I've written before about my KH (kitchen hobby) of making sourdough bread. My Mom tells me that her mother kept a batch of bread starter (a flour and water mixture that had been fermented with yeast) in the basement. On baking day Gramma would send one of the kids down to fetch the starter. Gramma would add flour and water to the starter and set it in a warm spot to make a "sponge". The sponge would be allowed to sit for several hours or overnight to ferment. She always saved a small amount of the starter and fed it with flour and water before setting it back in the basement till the next baking day.
After the sponge had time to bubble and ferment, she added additional flour and perhaps sugar and milk until the dough was just the right consistency to make bread. After being thoroughly kneaded, the dough was set aside again to rise. Then it was punched down, shaped into loaves, let rise again, and baked in Gramma's old wood stove.
You can read about my previous experiences with sourdough here. ( Be sure to scroll down to read all posts. You can also find out where I got my original sourdough starter.) Originally I used recipes that included the addition of yeast which insured the dough would rise in a reasonable amount of time. The yeast added a bit of extra kick, if you please.
However, a real sourdough shouldn't need yeast to cause the dough to rise, but I hadn't quite figured out how to bake without the additional yeast...my few attempts resulted in a dough that just sat there like a lump on a log, refusing to rise even after sitting overnight. I ended up tossing them in the garbage. I believe the problem was that I was not using sufficient starter for the recipe I was using.
But Today!!!! Today I made "real" sourdough without yeast.
Last evening I began a sponge by taking one cup of my starter, adding two and a fourth cups of flour plus two cups of water, and placing the resulting sponge in a warm spot overnight to ferment. This morning this is what it looked like. (I fed the remaining cup of starter by adding 1/4 cup each of flour and water and placing it in the fridge till my next batch of bread.)
I was pretty certain I had finally figured out how to avoid adding yeast but I decided to split the sponge into two batches. Each had the same ingredients added to the sponge (flour, water, milk, butter, salt, sugar) but one batch had regular yeast added and one batch did not.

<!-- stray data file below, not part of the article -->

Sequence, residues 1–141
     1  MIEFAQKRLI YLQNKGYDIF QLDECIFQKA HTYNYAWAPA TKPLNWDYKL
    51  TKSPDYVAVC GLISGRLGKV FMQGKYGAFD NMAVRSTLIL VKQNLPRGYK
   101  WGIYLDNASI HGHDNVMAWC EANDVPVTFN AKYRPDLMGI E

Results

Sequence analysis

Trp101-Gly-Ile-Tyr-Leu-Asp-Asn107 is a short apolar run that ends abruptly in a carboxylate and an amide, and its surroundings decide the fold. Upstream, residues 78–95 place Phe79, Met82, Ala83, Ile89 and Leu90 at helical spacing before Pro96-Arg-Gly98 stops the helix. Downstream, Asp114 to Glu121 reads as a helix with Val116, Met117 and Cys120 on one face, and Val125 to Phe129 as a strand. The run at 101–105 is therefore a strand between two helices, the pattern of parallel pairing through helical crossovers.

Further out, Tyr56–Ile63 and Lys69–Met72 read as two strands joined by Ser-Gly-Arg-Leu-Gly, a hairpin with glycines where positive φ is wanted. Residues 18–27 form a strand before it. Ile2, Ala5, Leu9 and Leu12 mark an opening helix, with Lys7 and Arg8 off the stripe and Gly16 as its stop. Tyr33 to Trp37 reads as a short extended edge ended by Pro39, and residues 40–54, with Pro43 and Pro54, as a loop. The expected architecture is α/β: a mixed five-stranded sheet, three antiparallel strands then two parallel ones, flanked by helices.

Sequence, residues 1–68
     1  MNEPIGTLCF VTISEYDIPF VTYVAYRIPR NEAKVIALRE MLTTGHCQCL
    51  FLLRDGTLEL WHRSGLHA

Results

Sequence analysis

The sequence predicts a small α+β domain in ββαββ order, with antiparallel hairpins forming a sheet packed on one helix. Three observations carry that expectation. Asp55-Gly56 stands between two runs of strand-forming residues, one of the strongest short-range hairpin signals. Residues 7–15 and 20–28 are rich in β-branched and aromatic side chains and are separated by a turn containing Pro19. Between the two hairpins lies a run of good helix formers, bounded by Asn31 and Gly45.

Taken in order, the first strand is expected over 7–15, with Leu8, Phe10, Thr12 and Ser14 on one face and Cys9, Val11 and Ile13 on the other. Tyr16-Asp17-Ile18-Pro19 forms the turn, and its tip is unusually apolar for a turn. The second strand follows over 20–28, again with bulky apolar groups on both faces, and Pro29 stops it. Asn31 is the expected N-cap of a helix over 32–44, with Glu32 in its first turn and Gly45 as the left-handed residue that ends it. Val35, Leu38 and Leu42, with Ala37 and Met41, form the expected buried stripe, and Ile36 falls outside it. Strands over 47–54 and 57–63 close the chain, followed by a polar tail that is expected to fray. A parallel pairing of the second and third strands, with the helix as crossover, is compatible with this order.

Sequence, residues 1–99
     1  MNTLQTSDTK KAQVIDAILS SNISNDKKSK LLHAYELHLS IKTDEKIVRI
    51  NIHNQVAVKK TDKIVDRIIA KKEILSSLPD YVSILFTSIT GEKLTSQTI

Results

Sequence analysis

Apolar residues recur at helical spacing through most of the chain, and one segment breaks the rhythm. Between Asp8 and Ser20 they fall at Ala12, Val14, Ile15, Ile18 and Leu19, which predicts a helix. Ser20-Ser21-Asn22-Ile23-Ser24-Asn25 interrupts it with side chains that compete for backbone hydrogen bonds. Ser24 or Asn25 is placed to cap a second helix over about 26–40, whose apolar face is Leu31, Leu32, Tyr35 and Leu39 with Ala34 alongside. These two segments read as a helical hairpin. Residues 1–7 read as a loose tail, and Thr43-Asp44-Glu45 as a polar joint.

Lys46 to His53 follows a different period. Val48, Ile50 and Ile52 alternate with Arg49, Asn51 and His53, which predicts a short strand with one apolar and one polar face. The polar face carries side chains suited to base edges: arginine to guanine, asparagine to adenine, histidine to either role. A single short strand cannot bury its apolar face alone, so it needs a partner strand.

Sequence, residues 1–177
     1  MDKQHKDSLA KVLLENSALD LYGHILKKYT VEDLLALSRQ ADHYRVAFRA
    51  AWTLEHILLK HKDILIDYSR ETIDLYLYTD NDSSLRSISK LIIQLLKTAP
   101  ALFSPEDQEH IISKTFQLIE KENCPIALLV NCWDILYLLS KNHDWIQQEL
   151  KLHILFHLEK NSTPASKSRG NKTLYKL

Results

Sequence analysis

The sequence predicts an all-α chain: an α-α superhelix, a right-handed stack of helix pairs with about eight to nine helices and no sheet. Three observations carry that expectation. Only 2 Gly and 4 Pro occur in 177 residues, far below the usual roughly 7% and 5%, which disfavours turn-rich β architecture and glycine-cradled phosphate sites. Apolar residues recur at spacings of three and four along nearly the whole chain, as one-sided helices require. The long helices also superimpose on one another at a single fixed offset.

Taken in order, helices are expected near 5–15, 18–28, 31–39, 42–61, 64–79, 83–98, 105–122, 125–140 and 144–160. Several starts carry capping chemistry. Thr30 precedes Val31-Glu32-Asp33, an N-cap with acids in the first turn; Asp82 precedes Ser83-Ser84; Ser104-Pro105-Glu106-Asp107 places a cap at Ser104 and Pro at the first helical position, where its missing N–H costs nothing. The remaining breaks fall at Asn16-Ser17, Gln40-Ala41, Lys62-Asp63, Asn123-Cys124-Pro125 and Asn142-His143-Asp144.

Naturally the yeast batch rose faster. In fact it was speedy enough that it was baked and out of the oven before the "real" sourdough (without added yeast) had risen enough to punch down and shape into a loaf. However, the real stuff did eventually double in size and I shaped it into a loaf and placed it into a pan to rise, later to bake.
The thermometer? Who would figure to use a meat thermometer when baking bread? I had my old favorite bread recipe down to a T and I knew it took exactly 23 minutes at 400 degrees to bake a good loaf of bread. However many websites that talk about sourdough mention using a thermometer to bring the internal temp up to 200 degrees before declaring a loaf "done". So now I bake the loaf to "almost done", add the thermometer, and watch it for a few minutes till it comes up to temp. No more half-baked loaves. (I'm the only one half-baked in this house.)
When both loaves were done, I set them side by side. The size is about the same. The texture of the crumb is about the same. The taste is slightly different and I actually prefer the sourdough over the yeast/sourdough.
I recognize that traditional San Francisco sourdough has a much holier (not meaning "holier than thou") texture...I mean that it is full of large holes formed by the formation of gasses during the rising stage. But I'm not working towards that. I'm just happy to have the stuff rise and bake into a yummy loaf of bread.
I think I'm getting the hang of it!